Tuesday, February 24, 2009

Why the US/NATO is in Afghanistan: A Query inspires an unconventional if not an outlandish response

JJ wonders why we're in Afghanistan

The material below is from MoonofAlabama.org. It's very interesting analysis, but it leaves me more confused than ever about the fundamental question: What is the American interest in Afghanistan? I had thought it was to pacify the country for the proposed Unocal pipeline. But I see no rational connection between war and getting that result. On the contrary, I'd expect war to ensure the unattainability of such a goal, by getting the Afghans more antagonized and sabotage-minded with each passing day.

Are we really there, then, in search of one man, Osama bin Laden? Or to suppress the Taliban or al Qaeda? I suspect bin Laden is long since dead, and I'd think war would be the perfect recruiting tool for such entities. Are we there to outflank Iran? That hardly fits with what follows. To outflank Pakistan and its nukes? That doesn't seem to make sense either, especially given the history of our involvement.

Perhaps someone can enlighten me as to what we're trying to do.

In the meantime, as I say, what follows is interesting stuff. Note the figures for the comparative costs of maintaining an army in Afghanistan and maintaining one in Iraq

Ronald responds to JJ:
Thanks for asking. I’m afraid my views are unconventional but – like others – I find that the evidence I choose to look at is not inconsistent with my theories.
Yes, quite the right question. What is the American interest in Afghanistan?.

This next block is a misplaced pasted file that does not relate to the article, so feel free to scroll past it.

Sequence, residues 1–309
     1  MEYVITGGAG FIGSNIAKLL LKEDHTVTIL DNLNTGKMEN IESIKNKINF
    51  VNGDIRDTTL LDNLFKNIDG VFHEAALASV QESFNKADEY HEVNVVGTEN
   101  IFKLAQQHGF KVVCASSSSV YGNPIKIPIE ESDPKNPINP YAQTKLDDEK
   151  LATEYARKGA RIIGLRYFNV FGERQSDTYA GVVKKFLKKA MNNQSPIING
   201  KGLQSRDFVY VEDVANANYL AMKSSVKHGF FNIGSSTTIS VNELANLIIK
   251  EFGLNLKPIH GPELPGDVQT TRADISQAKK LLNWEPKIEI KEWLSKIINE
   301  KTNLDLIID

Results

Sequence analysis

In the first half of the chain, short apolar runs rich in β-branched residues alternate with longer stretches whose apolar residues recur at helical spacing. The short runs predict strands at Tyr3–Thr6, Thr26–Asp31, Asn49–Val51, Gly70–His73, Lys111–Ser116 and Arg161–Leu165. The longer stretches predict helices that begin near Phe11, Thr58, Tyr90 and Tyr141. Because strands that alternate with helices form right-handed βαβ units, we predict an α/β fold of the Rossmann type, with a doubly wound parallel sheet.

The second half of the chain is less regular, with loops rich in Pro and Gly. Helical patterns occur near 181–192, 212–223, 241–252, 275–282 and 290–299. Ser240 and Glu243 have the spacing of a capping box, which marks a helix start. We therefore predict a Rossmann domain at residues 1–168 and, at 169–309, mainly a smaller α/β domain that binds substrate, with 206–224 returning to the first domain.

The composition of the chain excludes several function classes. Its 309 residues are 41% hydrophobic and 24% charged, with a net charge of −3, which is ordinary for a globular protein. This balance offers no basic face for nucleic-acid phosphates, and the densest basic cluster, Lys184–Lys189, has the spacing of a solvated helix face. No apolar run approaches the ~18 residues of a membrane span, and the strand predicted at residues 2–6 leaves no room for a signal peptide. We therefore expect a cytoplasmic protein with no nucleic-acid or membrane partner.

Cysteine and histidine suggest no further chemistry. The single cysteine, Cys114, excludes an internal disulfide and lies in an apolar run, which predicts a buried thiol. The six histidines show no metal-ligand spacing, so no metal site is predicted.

First thing of course is that the Obama administration is following the Bush administration’s policy.
What was that policy? Just as it was in Iraq, to further their permanent war agenda and to cause as much pain and suffering and turmoil and tension and oppression as possible.
I submit that in Iraq it’s very easy to point to indictable evidence: namely the disbanding of the Iraqi army and the firing of virtually all the able bureaucrats –de-bathification.
Have you seen the documentary No End in Sight? (actually I’m blanking on the title. That might be a lucky guess.)
Either those two policies were mistakes or purposeful actions intended to ensure that there would be a pretext – an insurgency and the emergence of al-Qaeda in Iraq -- to keep the war going indefinitely. Take your choice. Alternately you can ask yourself if Cheney is the type to make such mistakes.
Needless to say there’s a mountain more evidence. High on the list are policies to ensure that there would be no reconstruction of the country. Talk about evidence not inconsistent: Have you seen Ragiv Chandrasekaran’s book on the Green Zone?
The same with Afghanistan. Their purpose is to destroy the country. The interesting irony there is that Taliban rule is what they wanted (there and here and everywhere) and they were unhappy to overthrow it. But as we have seen, it was done in such a way as to ensure the return of the Taliban after a few years. Karzai sort of gave the game away in a December ’08 interview to the Washington Post: He asked: How can a little group of ragtag fanatics be causing so much trouble. He was pointing to U.S. aid to the Taliban by means of the Pakistani ISI. Yup, we’re paying billions so that they can kill U.S. soldiers and thousands upon thousands of Afghanis.